• Hræsvelgr means "corpse-swallower"
  • Dmitri's last name (ブレーダッド Burēdaddo) to Blaiddyd, a legendary king of the Britons in Welsh legend, the father of King Lear (of Shakespeare fame). Blaiddyd is associated with pagan magic and hot springs.
    • Blaiddyd means "wolf-lord"
  • I'm not sure what Claude's last name (リーガン Rīgan) refers to, but my first instinct is Reginn, the foster father of Sigurd and the brother of Fafnir and Otr. He is wise, cunning, and a skillful smith who re-forges the shattered blade of Gramr for Sigurd.

The only bolded attribute here that actually directly associates with one of the game's four symbols is Hræsvelgr with wind (風). Perhaps I'm grasping at straws here, but hey, we're very early in development.

 

Let me know what you think of this little mini-analysis!

Edited by Aethin

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Definitely interesting stuff, I was wondering how the phrase was used in a Japanese context myself, seeing 风花雪月 in a Chinese context is used in that exact ordering. In Chinese it could be referring to seasons--and does so in its original, classic version, although in certain contexts it can also hold romantic connotations, or as a term to describe things that are fluff and without substance. I think seasons makes most sense here, though.

 

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Great analysis : ) You went much more in-depth than the concepts I covered, especially when it comes to the poem. One thing that may be of note is the color correspondence that comes about which matches the characters (and thus we can attach a character to a season).

Quote

But more relevant and more interestingly, there is an alternative meaning to these: The “three whites” in art.

  • Blue-White = Winter
  • Yellow-White = Autumn
  • Pink-White = Spring

Said color coding applies to the three in the order they're presented (also note that sans wind, they are in the order as given in the title too).

  • Edelgard von Hraesvelgr (Pink/Spring)
  • Dimitri Alexander Blaiddyd (Blue/Winter)
  • Claude von Regan (Yellow/Autumn)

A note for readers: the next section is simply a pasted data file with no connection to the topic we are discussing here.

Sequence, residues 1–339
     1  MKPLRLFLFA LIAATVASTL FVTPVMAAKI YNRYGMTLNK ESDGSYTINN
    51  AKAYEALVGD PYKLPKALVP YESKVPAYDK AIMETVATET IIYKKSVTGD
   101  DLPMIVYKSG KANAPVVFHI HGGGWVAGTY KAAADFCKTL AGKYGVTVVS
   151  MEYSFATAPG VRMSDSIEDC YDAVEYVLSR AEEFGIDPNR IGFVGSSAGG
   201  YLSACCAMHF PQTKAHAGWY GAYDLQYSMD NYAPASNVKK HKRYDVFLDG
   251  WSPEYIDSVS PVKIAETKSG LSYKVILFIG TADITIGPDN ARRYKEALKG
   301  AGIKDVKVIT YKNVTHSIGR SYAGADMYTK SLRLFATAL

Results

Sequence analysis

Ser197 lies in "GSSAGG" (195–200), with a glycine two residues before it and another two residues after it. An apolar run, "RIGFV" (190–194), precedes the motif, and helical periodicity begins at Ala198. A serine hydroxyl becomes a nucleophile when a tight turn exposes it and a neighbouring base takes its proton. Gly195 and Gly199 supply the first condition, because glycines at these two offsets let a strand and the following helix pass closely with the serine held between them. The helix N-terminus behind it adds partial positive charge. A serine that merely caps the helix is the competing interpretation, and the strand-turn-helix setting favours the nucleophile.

I found that interesting!

As for wind, for now, I simply assume you, the player, will serve as the wild card to complete the four seasons (and the title convention) that didn't exist in the original poem. : )

Edited by Kirokan

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21 hours ago, Thor Odinson said:

Definitely interesting stuff, I was wondering how the phrase was used in a Japanese context myself, seeing 风花雪月 in a Chinese context is used in that exact ordering. In Chinese it could be referring to seasons--and does so in its original, classic version, although in certain contexts it can also hold romantic connotations, or as a term to describe things that are fluff and without substance. I think seasons makes most sense here, though.

 

We pretty much know there's meaning behind the ordering and choice of kanji... As native Japanese speakers I follow have the tendency to go for their version of it 花鳥風月

 

"FE Fuukasetsu Getsu. It's only a matter of time before I start calling it FE Kachou Fuugetsu"

 

My gut is going with the first nature interpretation... Despite the possibility of romantic connotations being there as well.

Edited by shadowofchaos

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While Setsugetsuka (雪月花) obviously deals with similar concepts, Fuukasetsugetsu (風花雪月) wasn't made up by the devs, it already exists as an idiom (albeit in Chinese), so I don't think the title is a reference to the former, nor do I think the order of the seasons is significant. The equivalent idiom in Japanese is Kachoufuugetsu (花鳥風月), or Flower-Bird-Wind-Moon. As for why they went with the Chinese idiom instead of the Japanese idiom, the wikipedia article might give a hint - unlike the Japanese idiom, the Chinese idiom may also have negative connotations about superficially beautiful words/rhetoric, which could be a reference the true nature of the church, or tensions boiling beneath seemingly friendly relationships among the houses/countries.